Former Santa Cruz Mayor Katherine Beiers is one of two candidates running for Krohn’s seat on the City Council in the event that he gets recalled.

Her true hope, though, is that she does not end up on the council. That’s because she wants to see both Krohn and Glover hold on to their seats. Beiers—who has Krohn’s endorsement—says she’s been opposed to the recall, ever since she heard that people first started getting signatures more than six months ago. She even received a call about a year ago from someone shortly after Glover took office. The person asked if she wanted to take part in a possible effort to recall Glover. She was not interested.

“I wish I’d remember who it was who called me,” Beiers, 87, says, still feeling indignant at the idea. “Someone gets fairly elected, and they want to remove him. That told me a lot. It was about searching for whatever reason they could find.”

In some ways, the story behind the recall goes back to 2018, when Measure M, a local rent control measure, met well-funded, significant opposition and lost at the ballot box.

Santa Cruz Together, the landlord-led group spearheading the opposition, continued to raise money after successfully defeating the measure, partly because a new City Council majority was discussing rent control-type tenant protections.

Peter Cook, a member of Santa Cruz Together, says the group kept fundraising because of issues like neighborhood safety, the local economy and civility at City Hall. “We have grown reserves to support future campaigns such as Yes on Recall,” Cook tells GT via email. All told, the political committee raised more than $156,000 between the start of 2019 and Jan. 17, 2020—with a lot of the money coming from landlords and property management companies, public records show.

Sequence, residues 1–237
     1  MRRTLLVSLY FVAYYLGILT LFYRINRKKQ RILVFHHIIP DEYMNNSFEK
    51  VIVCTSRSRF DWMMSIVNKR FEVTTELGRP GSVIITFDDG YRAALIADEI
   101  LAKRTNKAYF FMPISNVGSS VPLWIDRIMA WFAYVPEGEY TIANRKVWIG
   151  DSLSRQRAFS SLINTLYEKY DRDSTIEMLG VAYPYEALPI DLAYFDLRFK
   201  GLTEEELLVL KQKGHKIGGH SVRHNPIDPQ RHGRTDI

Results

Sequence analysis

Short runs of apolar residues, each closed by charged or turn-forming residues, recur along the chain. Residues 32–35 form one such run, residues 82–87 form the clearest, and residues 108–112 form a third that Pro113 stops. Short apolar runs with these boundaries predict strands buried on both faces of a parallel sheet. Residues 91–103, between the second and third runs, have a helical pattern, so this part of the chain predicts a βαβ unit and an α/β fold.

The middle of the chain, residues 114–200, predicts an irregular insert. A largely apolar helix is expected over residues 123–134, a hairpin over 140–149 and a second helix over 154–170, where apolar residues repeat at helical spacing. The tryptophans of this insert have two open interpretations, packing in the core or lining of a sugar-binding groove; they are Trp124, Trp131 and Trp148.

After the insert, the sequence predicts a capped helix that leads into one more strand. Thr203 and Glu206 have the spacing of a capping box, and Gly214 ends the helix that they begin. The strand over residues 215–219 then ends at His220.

The committee has funneled much of that funding into Santa Cruz United’s anti-recall campaign. Now Santa Cruz United—which operates separately from Santa Cruz Together— has taken in $109,000 for its effort to recall Glover and Krohn. That includes more than $67,000 from Santa Cruz Together, which paid for expense items like “petition circulating,” “petition copies,” and “recall literature.”

Many landlords also gave directly to Santa Cruz United, according to financial reporting forms listed on the city’s website, and a Phoenix-based construction company called ASMC Inc. gave $3,000. Not counting the additional money in Santa Cruz Together’s reserves, Santa Cruz United has taken in more than five times the money that the Stop the Recalls group has.

Polhamus says Santa Cruz United is a loosely affiliated coalition of neighborhood groups—with additional from members of Santa Cruz Together and public safety groups like Take Back Santa Cruz.

When Stop the Recall leaders like UCSC Professor Emeritus John Hall started going over the financials, one item that caught their eye was the amount of money—more than $65,000—spent by Santa Cruz Together on the cost of “petition circulating.” Late in the signature-gathering period, Polhamus and fellow Santa Cruz United leader Dan Coughlin both stressed that 90% of the signatures were gathered by volunteers. Assuming that was true, it looked like Santa Cruz Together paid canvassers more than $25 per signature for that other 10% of signatures on behalf of Santa Cruz United. And if not, opponents said that recall leaders were dramatically underrepresenting the number of paid signature gatherers who took part.

Coughlin now says that by the campaign’s end, the share of signatures gathered by paid workers was higher. He also believes the “petition circulating” cost probably included tables, banners and other costs. He adds that he plans to go back and look at the financials, and that he doesn’t fault Stop the Recalls for looking at the numbers the way they did. “I can see where they’re doing, and I can respect that, actually,” he says.

Former Mayor Bruce Van Allen, who opposes the recall, notes that, in general, the money being spent dwarfs the cash that would flow through a typical City Council campaign race, where candidates typically follow voluntary spending limits.